If your child’s cerebral palsy was a result of medical malpractice, the medical professionals responsible for your child’s condition can and should compensate your child financially, providing for the child’s current needs as well as his or her needs after attaining adulthood. If you believe that your child acquired cerebral palsy as a result of a doctor’s negligent prenatal care, a negligently inflicted birth injury, or negligent medical or hospital treatment during or immediately after birth, you can count on the medical malpractice lawyers at Slater & Zurz to seek compensation that your child deserves, either by negotiation or by pursuing a legal claim through the court system. Call or email us to schedule a free consultation with one of our birth injury lawyers. If we accept your case, you won’t have to pay us anything unless and until our medical malpractice lawyers obtain a favorable settlement or court judgment for you.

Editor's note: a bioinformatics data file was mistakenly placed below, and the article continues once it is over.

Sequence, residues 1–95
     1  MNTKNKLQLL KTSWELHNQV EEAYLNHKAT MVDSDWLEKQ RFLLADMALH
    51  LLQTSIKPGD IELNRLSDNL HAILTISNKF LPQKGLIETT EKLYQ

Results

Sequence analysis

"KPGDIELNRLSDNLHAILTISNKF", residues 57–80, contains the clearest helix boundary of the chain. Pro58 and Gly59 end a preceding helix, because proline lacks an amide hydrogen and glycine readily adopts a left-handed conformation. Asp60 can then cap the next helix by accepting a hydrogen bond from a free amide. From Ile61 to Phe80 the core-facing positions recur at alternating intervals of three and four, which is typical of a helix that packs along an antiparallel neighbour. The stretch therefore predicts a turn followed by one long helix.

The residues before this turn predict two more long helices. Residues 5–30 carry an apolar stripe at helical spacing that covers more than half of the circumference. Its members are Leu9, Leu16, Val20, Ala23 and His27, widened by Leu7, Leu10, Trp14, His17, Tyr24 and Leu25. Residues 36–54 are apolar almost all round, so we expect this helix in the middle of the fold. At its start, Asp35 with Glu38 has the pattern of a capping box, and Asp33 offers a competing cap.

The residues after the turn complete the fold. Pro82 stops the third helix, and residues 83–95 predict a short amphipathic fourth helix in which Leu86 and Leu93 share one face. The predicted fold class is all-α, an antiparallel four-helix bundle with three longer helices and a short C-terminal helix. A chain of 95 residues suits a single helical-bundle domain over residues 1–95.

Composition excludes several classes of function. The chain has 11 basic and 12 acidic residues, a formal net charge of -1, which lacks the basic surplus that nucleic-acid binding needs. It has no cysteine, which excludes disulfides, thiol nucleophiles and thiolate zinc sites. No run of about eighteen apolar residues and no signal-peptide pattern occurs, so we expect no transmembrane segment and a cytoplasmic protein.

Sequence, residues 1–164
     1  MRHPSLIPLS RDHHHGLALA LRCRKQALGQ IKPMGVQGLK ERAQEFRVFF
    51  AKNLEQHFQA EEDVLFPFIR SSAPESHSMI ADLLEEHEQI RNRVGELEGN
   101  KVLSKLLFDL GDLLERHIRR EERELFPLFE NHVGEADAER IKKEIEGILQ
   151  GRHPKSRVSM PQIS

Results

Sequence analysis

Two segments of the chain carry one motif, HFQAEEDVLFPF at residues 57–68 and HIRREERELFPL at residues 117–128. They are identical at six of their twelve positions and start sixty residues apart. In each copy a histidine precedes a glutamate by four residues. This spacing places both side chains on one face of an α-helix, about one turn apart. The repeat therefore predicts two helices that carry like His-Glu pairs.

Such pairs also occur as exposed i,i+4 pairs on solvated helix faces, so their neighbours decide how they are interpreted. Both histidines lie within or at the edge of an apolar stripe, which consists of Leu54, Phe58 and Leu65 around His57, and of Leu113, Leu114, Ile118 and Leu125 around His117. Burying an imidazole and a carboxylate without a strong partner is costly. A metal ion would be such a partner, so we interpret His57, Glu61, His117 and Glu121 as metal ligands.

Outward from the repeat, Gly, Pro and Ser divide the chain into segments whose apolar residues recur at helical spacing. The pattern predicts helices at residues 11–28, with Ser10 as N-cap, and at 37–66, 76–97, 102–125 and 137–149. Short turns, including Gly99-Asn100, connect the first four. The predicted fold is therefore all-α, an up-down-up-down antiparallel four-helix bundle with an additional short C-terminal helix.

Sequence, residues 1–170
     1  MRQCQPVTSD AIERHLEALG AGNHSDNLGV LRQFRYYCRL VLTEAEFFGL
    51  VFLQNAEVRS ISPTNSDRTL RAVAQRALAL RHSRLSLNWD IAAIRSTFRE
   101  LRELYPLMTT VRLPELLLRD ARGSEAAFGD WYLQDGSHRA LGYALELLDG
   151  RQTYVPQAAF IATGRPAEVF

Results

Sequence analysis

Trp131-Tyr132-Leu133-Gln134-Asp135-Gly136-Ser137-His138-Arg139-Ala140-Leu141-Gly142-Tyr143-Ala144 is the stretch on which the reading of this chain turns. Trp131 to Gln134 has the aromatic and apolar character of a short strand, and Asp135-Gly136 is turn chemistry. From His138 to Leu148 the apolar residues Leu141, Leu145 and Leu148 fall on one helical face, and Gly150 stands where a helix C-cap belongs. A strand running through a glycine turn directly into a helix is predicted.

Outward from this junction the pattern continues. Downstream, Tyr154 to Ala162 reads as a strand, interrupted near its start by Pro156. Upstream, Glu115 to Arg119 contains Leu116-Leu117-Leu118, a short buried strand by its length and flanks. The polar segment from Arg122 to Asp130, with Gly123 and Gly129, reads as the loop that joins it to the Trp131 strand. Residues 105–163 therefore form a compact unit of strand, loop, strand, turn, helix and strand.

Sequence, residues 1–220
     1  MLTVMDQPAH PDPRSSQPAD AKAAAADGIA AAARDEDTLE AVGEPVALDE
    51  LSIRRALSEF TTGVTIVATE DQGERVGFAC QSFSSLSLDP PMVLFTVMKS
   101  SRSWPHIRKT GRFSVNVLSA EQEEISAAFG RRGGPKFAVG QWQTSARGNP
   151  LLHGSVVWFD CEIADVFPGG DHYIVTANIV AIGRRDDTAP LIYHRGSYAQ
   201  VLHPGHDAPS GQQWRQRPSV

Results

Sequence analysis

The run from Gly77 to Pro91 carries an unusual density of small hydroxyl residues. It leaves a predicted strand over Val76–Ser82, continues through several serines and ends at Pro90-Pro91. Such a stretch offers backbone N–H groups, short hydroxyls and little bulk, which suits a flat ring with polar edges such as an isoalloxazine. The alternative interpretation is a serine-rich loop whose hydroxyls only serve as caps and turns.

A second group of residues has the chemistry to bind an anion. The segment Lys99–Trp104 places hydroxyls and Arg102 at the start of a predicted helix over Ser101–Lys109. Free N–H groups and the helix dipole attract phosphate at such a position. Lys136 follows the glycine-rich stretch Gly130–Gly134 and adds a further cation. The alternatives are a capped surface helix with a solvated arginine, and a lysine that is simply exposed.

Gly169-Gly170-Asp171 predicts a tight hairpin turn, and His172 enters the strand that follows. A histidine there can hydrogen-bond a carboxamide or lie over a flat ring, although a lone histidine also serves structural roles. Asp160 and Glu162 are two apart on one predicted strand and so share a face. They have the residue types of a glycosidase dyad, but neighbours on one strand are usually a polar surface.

Cerebral palsy won’t just go away with the passage of time—you need to ensure your child’s future by securing just compensation from everyone responsible for your child’s condition.
As a parent, you have the responsibilities associated with being your child’s fiduciary—one entrusted with the duty to assert and enforce your child’s legal rights on whom your child depends. You owe it to your child to explore every avenue for opportunities to ensure and promote your child’s welfare and well-being.
Cerebral palsy has many causes—don’t blame yourself!
Cerebral palsy is caused by an abnormality in the brain or a disruption in the brain’s development. Doctors can’t always determine what happened to damage the baby’s brain or interfere with its development. Here are some of the causes of cerebral palsy: